“My eyes already touch the sunny hill,
going far ahead of the road I have begun.
So we are grasped by what we cannot grasp;
it has its inner light, even from a distance—
and changes us, even if we do not reach it,
into something else, which hardly sensing it, we already are.”
Rainer Maria Rilke
I am grateful to Taylor Daynes who in her writing recently reminded me of how much the poet Rainer Maria Rilke speaks to my soul. Another writer I came across recently uses these lines to explain what Christian hope looks like.
Hope is the focus of all of the Scripture texts that we hear in Advent every year. Yet it seems to be in troubling short supply most days. I know how much I have struggled to make space in my life for this cardinal virtue and how often it can be the first seemingly to desert me. I am not alone in that.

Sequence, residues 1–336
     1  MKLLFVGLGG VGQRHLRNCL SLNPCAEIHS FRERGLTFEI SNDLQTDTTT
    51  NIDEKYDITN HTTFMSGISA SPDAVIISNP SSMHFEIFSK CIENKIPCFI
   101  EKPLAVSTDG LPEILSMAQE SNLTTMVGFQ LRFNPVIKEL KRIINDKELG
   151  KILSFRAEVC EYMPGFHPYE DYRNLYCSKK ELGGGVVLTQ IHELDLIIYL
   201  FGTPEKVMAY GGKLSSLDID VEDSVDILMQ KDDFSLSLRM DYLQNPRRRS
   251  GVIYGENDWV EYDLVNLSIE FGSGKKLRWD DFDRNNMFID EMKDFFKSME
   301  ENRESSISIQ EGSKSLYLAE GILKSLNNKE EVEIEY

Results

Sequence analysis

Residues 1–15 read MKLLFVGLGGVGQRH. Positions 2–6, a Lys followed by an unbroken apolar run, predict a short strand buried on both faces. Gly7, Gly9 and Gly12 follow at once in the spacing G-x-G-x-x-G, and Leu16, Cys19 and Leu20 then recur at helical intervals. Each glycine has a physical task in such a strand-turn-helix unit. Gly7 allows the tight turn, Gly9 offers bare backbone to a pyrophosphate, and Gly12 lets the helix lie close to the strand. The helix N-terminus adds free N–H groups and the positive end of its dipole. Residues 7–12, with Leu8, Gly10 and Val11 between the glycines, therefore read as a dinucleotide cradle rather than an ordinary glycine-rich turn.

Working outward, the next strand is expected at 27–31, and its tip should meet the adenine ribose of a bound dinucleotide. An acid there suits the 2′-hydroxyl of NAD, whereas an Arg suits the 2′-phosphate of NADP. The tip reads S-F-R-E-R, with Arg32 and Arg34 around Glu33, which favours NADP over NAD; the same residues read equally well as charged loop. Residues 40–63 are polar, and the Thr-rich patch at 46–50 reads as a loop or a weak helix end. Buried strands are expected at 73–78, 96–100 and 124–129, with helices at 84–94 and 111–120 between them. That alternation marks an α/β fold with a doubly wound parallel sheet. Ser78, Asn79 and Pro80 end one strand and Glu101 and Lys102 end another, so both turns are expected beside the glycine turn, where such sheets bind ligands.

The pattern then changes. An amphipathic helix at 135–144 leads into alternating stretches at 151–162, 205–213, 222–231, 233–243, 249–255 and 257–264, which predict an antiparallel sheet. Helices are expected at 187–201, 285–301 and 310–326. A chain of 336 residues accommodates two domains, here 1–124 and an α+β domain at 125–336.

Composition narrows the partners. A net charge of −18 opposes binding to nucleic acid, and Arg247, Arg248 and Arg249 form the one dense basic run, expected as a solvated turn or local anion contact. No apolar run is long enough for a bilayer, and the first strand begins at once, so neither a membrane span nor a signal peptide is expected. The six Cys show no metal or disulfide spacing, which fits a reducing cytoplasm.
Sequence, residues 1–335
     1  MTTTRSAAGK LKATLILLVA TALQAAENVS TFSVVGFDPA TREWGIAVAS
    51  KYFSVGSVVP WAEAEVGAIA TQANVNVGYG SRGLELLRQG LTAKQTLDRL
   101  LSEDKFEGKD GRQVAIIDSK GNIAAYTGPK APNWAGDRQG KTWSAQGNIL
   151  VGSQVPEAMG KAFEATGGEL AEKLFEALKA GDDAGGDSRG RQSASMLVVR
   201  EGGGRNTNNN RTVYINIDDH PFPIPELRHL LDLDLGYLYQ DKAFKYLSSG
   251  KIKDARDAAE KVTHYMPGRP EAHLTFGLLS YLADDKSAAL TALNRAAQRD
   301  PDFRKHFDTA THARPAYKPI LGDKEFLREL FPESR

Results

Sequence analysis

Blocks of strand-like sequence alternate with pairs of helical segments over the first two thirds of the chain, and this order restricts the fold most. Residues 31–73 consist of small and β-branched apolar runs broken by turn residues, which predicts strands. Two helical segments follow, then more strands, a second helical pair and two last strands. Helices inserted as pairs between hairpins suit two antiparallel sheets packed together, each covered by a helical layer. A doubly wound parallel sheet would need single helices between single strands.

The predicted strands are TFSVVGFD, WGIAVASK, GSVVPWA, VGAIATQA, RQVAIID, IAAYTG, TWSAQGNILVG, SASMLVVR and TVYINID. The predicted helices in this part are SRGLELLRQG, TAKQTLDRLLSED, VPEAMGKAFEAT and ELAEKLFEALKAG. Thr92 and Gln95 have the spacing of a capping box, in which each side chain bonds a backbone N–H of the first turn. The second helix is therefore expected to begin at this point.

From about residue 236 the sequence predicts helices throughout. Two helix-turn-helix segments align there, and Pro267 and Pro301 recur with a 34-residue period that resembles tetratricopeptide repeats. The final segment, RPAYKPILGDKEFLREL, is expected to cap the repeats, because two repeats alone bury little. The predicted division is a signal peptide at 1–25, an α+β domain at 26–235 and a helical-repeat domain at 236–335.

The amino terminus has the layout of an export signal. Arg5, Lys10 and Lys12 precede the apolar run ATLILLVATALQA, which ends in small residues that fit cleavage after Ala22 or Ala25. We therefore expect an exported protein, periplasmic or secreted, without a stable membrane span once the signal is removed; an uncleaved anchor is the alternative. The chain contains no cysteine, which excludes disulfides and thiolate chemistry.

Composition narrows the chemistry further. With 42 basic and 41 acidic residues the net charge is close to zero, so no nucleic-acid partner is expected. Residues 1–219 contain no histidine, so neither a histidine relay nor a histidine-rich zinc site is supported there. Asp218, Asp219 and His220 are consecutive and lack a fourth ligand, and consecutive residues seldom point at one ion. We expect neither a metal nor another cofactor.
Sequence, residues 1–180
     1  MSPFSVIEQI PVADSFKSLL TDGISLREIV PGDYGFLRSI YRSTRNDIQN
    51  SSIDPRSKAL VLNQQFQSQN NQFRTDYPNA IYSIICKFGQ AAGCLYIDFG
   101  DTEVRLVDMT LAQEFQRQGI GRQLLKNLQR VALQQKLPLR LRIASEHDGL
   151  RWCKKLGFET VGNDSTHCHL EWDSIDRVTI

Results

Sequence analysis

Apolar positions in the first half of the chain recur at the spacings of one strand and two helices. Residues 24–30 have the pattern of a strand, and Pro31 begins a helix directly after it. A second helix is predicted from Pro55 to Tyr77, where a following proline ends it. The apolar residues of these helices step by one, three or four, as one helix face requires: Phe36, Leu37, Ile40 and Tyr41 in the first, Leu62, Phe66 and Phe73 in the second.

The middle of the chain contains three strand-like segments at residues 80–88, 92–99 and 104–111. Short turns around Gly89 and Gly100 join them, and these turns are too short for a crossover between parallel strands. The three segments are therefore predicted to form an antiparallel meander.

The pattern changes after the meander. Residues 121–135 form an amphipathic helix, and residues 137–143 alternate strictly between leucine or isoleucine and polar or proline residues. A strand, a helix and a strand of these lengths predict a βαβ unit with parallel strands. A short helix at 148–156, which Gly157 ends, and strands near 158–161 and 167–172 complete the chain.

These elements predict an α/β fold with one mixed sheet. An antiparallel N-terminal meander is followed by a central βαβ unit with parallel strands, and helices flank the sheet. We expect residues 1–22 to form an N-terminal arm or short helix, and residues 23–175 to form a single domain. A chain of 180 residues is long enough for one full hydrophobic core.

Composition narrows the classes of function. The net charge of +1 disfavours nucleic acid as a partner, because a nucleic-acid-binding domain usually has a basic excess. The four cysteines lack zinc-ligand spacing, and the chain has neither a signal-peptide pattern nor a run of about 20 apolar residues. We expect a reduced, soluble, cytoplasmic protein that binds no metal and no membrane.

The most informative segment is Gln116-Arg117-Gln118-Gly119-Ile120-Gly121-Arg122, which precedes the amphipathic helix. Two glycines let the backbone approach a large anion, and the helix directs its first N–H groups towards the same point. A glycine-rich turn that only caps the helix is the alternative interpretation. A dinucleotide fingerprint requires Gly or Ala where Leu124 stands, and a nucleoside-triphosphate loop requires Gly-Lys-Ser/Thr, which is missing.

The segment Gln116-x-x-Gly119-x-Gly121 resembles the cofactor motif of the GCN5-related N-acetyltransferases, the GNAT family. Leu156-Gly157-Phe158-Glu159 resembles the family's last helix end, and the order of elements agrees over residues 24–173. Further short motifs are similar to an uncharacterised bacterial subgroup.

The 19th century Quaker artist and minister, Edward Hicks painted his famous work “The Peaceable Kingdom” 62 times and the later versions show an ever-darkening landscape and fiercer beasts seeking to live among the more vulnerable of God’s creatures. Like the wild beasts we are not naturally inclined to live peacefully with one another.
Yet hope springs out of the simplest and least promising acts—like welcoming the stranger and expecting God to be present; returning to a difficult relationship in prayer and with an offer of peace, not for its own sake, but in order to praise God and serve a greater good. Hope springs forth from children in a local elementary school in Baltimore who vowed during this tumultuous election year and its aftermath to model for others what it is to be present to one another with respect and understanding, especially those with whom they disagree.
The Hick’s landscapes grew ever-darker and the image of the child who led the vulnerable and the fierce creatures grew ever-brighter. “A little child shall lead them”, and they still do.